Addison’s disease occurs when the adrenal glands fail to produce adequate amounts of several hormones. These low hormone levels can affect many parts of the body, and one of these results can be skin discoloration.

Addison’s disease is most common in women, but typically not until about middle age.

Can the Linea Nigra be a Clue to My Baby’s Gender?

An old wives’ tale claims that the length of your linea nigra can tell you the gender of your unborn child.

  • If your linea nigra is confined to the area between your navel and pubic bone, you are pregnant with a girl.
  • If your linea nigra extends all the way to your ribcage, your baby is a boy.

In a study done in the School of Public Health at Johns Hopkins, researchers found that the average accuracy of any gender-prediction method (including linea nigra length) was roughly 55%, which is about the same as blind chance.

Fortunately, mothers today don’t have to rely on dicey prediction theories like women throughout history. The linea nigra typically appears around the fifth month of pregnancy, and this is about the same time that most obstetricians order an anatomy ultrasound that often reveals the baby’s gender.

Bottom line: While it can be fun to think about, you probably shouldn’t buy all of your baby furniture and clothing based on your linea nigra even if you opt not to find out the baby’s gender via ultrasound.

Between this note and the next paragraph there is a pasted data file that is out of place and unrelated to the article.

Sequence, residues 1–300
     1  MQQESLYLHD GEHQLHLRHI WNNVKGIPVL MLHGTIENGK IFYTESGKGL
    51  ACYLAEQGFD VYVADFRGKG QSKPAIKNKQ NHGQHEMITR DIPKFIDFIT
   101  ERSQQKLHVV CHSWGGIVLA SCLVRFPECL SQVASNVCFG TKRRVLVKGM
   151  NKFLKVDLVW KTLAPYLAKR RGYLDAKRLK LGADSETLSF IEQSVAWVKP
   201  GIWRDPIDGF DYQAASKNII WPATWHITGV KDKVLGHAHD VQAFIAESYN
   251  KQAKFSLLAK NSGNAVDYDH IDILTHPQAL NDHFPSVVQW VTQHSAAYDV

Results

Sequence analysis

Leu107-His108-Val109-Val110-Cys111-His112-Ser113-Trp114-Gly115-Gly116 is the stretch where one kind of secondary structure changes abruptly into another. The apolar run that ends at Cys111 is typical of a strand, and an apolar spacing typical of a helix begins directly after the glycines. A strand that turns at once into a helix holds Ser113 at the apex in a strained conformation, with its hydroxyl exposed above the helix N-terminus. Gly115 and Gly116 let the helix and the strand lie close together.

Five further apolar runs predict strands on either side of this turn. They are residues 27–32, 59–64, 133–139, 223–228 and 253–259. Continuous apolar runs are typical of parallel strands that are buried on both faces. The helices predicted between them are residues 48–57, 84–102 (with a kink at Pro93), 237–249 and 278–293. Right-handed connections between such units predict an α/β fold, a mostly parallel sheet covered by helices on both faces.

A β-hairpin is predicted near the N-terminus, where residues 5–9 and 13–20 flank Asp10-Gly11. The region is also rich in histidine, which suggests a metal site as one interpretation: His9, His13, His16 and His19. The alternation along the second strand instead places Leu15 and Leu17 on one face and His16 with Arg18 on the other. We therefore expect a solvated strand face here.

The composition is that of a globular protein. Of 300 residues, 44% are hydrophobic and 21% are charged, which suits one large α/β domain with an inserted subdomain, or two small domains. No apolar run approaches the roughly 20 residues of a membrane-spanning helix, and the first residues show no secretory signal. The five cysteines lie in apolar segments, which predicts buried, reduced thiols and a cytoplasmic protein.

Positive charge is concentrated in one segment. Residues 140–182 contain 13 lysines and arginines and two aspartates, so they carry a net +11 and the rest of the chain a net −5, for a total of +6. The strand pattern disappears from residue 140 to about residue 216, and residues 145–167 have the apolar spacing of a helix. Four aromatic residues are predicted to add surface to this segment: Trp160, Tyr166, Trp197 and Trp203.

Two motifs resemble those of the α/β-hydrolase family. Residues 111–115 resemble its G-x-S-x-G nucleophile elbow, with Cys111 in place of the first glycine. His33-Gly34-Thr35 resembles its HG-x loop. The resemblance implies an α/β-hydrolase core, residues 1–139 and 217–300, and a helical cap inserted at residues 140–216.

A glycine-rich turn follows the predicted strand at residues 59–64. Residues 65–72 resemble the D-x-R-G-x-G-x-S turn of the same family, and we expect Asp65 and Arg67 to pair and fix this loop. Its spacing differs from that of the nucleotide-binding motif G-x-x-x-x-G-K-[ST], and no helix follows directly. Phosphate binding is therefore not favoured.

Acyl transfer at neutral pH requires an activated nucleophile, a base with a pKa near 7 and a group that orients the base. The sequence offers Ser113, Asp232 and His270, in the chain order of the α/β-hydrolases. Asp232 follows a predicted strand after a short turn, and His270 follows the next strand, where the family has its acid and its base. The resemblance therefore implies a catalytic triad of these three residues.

When Does the Linea Nigra Fade Away?

As your hormone levels return to normal in the postpartum period, your linea nigra should gradually return to being a linea alba. Many women find that their once-dark line is back to its normal shade about four to six weeks after giving birth, but this fading process can be more gradual for some mothers.

Appreciating Your Pregnant Body

After all the of the potentially uncomfortable changes and stretching your body has to go through to carry a child, developing a prominent linea nigra might seem like insult added to injury.

While you may not enjoy looking at it, try to think of the linea nigra as a visual reminder that your hormones are working hard to maintain your pregnancy and keep your baby healthy. Your body is doing something amazing, and what you may be tempted to see as a flaw might be more accurately described as a badge that you have earned.

The linea nigra is a pregnancy event that many mothers experience. There are several steps you can take to help prevent or lessen the appearance of your linea nigra, but don’t forget that it is harmless and will gradually fade away during the postpartum months. If you decide to try some home lightening methods, make sure you ask your health care provider first and proceed with caution.

What was your experience with your linea nigra? Did you try anything to lighten it, or did you feel like it was no big deal? Every mother’s perspective is unique, and we’d love to hear about yours in the comments!